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Thread: Pre-flood v post-flood whites

  1. #1
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    Default Pre-flood v post-flood whites

    I was right in the middle of the Great Flood of 2016 in south Louisiana.
    Pre-flood (2006-August 12, 2016 -Flood)
    Could catch them all year long fairly easy, all sizes from all depths. Hardly ever caught a black.
    Post-flood
    I have barely caught any whites, even in the spawn. None in last 6 months. Now catching a few blacks, but small.
    Our lake is 8 acres, average depth 10-12'. 2 acres by overflow is about 16-20'.
    Pond flooded over by about 8' and stayed that way for about 24 to 36 hours before slowly falling. Saw lots of the big gizzard shad and some bass dead below the overflow. Our threadfin numbers were reduced but are coming back.
    Could the whites have left and went down stream to the bayous below our dam.
    Thanks for any opinions..I am stumped.

  2. #2
    PawPaw "gene"'s Avatar
    PawPaw "gene" is offline Crappie.com 2012 Man of the Year * Crappie.com Supporter
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    I don't know the answer or a guess but have you tried below the dam to see what's going on there.
    "gene"
    From the bayou,
    PawPaw "gene"
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  3. #3
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    that's an interesting subject that I have encountered in some spots myself . One spot I was sure was void of fish as it went so low it almost dried up and then it flooded to beat the band a year later for months .
    the little lake had monster whites in it and my avatar fish came out of it . when it came back up I hit it a few times and didn't get a single peck the following year after several visits .
    That fall I said oh well what the heck maybe one more visit for grins .
    It was about one of the best big slab slinging small water visits ever and I got my line broke 2 times by monster whites and managed one almost the same size as my avatar fish .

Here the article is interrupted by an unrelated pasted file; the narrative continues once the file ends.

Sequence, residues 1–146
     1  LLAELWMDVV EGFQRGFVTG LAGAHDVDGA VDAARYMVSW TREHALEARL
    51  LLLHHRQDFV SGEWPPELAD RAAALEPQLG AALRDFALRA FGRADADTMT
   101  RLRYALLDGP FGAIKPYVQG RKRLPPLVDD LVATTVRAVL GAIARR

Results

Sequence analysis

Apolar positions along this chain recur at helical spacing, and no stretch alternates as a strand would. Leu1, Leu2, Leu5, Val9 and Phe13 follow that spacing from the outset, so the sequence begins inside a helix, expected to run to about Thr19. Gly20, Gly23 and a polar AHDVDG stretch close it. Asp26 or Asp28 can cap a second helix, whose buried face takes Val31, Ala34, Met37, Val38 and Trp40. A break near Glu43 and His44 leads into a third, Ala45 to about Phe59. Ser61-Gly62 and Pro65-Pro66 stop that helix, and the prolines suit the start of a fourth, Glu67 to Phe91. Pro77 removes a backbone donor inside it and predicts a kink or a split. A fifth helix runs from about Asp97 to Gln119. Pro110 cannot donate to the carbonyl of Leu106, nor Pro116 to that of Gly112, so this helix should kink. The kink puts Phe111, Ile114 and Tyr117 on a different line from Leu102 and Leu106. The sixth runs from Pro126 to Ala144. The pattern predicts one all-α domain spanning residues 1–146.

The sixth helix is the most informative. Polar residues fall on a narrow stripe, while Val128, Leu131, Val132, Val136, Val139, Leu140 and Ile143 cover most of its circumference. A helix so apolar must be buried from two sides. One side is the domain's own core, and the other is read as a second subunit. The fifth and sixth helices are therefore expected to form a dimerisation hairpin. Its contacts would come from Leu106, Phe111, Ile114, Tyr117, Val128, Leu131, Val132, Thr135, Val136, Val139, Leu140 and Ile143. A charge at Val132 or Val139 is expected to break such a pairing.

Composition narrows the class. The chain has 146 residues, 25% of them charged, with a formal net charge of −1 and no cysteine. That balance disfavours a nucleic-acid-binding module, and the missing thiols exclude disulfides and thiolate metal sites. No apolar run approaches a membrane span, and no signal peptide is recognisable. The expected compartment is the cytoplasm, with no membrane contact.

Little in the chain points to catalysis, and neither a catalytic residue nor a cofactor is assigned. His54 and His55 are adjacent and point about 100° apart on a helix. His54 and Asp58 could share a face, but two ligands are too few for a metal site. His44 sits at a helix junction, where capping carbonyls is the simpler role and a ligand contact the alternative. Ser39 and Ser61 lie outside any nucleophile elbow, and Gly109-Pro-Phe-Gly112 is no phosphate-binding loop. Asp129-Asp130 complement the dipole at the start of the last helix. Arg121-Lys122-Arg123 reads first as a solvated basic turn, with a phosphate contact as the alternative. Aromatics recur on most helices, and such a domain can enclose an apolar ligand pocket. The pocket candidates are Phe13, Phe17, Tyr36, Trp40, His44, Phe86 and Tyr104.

So in synopsis I sill don't know what happened to that spot ,but I know them crappie didn't get that BIG in one year and I am pretty sure most died the previous year .I am in the crowd that thinks maybe they came from somewhere up stream during the flood but after a high amount of research to answer this question I couldn't find anything up stream for 8 to 10 miles that would hold such a number of large fish ?
    the good news is they grow fast and small ones this year might be big ones in 2 years if they got good food sources .
    sum kawl me tha outlaw ketchn whales
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    did the flood put the dreaded Asian carp in your lake. if it did that might be part of the problem. those things will destroy a fishery.

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    I think it may have put some in..I have noticed some very big fish explode on the surface,,,can't quite get a good look, but could be them..no jumping though..Thanks,
    BTW ..how do they destroy it??

  6. #6
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    Quote Originally Posted by Shoalwater Cat View Post
    I think it may have put some in..I have noticed some very big fish explode on the surface,,,can't quite get a good look, but could be them..no jumping though..Thanks,
    BTW ..how do they destroy it??
    They are voracious filter feeders & plankton eating machines. This leaves the fry of the other fishes without much of a food source to jump start their growth. So, in essence, they interrupt the food chain cycle. They can't breed in waters that don't have a heavy current flow, because their eggs have to stay suspended in the current for a certain period of time before they'll hatch. They are mature at about 3yrs of age. That's the going theory, anyway. They eat all the time, grow fast (& big), and breed often (& females can produce up to 1 million eggs/year each) when conditions allow.
    The Silver Asian Carp is the one that jumps when startled. The Bighead & Black carp do not jump.
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